Alex Bugnon

For the last two decades, keyboardist Alex Bugnon has been a romantic yet energetic force on the contemporary jazz scene - an ambassador from the last days of the Quiet Storm in possession of chameleonic skills befitting him as a straight ahead jazz piano leader and soul as a sideman. Born in beautiful Montreux, Switzerland, world famous for a jazz festival that has hosted thousands, Alex was pre-destined to be a jazz man. And on his most recent album, Going Home, he boldly explores that music – his first love – more explicitly than ever before. From songs inspired by Horace Silver and Ahmad Jamal to covers of old favorites from WAR's "The World is a Ghetto" to Herbie Hancock's "Oliloqui Valley," to an adaptation of "Nothra Dona di Maortse" (a song he discovered at his father's funeral), the 8-song project taps deep roots from multiple plains.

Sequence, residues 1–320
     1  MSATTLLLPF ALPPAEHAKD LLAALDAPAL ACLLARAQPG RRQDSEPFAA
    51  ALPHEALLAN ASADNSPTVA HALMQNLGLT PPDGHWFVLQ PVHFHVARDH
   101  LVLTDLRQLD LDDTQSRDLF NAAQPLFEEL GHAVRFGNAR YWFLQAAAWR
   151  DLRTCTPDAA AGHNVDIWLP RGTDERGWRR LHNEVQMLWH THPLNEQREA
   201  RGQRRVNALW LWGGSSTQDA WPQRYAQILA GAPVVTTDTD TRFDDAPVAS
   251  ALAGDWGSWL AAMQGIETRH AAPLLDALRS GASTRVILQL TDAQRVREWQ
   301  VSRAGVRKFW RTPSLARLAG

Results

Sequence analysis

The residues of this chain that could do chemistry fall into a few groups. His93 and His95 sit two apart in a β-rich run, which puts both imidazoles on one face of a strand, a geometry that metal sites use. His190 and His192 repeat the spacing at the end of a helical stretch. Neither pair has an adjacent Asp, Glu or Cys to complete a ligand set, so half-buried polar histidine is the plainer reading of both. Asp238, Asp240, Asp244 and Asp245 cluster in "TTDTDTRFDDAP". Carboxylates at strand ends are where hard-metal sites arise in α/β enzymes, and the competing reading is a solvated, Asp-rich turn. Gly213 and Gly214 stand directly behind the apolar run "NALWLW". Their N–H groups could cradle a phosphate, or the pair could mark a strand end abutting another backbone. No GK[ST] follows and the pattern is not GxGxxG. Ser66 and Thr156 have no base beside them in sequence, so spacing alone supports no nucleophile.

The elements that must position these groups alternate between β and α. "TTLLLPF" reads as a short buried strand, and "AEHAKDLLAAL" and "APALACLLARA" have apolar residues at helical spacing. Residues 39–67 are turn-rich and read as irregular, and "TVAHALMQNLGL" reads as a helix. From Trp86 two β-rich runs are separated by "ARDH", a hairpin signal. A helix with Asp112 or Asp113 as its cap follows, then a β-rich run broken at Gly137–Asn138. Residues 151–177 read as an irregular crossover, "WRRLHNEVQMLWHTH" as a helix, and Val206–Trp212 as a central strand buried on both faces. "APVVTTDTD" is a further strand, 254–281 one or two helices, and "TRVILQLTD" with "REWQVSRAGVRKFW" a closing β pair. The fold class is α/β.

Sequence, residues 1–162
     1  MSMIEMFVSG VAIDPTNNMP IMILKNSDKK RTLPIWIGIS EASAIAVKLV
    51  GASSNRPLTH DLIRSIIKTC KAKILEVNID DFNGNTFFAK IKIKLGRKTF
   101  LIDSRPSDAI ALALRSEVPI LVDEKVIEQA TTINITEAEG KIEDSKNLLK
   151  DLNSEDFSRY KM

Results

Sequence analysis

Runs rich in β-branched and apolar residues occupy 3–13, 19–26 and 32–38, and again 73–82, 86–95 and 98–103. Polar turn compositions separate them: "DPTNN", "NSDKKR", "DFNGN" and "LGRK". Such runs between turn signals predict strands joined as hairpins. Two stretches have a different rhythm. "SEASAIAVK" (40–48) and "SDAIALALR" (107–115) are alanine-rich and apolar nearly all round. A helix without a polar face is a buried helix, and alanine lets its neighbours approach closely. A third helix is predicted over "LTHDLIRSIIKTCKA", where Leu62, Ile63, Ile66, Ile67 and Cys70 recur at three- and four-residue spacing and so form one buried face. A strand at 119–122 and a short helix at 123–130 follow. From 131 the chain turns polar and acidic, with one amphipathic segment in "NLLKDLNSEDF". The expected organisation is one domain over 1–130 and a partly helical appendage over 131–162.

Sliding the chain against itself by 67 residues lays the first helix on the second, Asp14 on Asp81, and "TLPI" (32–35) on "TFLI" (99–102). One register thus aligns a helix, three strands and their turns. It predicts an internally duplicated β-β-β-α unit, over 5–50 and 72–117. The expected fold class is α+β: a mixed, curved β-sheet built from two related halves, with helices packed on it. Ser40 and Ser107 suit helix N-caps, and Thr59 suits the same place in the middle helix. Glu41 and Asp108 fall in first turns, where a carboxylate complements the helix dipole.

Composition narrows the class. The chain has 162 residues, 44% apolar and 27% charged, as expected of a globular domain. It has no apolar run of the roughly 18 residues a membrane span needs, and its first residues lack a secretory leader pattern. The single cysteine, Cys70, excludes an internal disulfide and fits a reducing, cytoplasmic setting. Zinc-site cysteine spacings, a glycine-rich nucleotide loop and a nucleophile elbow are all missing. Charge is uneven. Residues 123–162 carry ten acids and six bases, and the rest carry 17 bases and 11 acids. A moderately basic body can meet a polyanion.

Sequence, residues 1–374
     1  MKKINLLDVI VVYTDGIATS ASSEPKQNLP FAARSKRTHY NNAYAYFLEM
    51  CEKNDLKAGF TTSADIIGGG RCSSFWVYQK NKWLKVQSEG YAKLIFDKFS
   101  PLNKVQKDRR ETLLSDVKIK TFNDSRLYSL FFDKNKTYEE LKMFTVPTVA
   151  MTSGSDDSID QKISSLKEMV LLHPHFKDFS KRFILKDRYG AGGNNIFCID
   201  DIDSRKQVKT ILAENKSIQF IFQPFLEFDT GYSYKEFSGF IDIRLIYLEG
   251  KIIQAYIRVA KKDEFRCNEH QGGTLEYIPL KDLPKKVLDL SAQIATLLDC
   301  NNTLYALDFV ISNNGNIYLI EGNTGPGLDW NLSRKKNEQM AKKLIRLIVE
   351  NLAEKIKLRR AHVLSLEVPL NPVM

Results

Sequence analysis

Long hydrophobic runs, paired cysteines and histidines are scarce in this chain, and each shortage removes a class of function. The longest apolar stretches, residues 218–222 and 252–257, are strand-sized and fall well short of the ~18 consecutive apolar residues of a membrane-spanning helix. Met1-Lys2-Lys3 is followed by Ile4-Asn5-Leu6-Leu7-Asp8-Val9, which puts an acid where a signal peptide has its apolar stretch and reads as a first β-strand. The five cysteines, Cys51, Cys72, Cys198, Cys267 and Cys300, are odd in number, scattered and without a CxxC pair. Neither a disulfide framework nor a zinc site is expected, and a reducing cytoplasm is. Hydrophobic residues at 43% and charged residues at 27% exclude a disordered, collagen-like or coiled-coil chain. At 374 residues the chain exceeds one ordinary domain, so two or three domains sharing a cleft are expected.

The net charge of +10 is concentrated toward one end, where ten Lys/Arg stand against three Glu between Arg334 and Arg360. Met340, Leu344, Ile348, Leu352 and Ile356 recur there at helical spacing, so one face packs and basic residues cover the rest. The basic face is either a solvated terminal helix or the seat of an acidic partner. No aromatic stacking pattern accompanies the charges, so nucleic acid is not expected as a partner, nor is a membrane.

"Going Home represents me returning to what I really love to do…which is to play as hard as I possibly can," he states. "I came up with the last generation of Quiet Storm artists such as Najee, George Howard, Art Porter, Will Downing and Rachelle Ferrell. When my first album Love Season came out in 1989 (an R&B chart-top contender containing Alex's hit cover of Brenda Russell's "Piano in the Dark" and his own transfixing "Love Season"), radio programmers still had the ability to pick the music they played with no outside interference.

Marc Antoine



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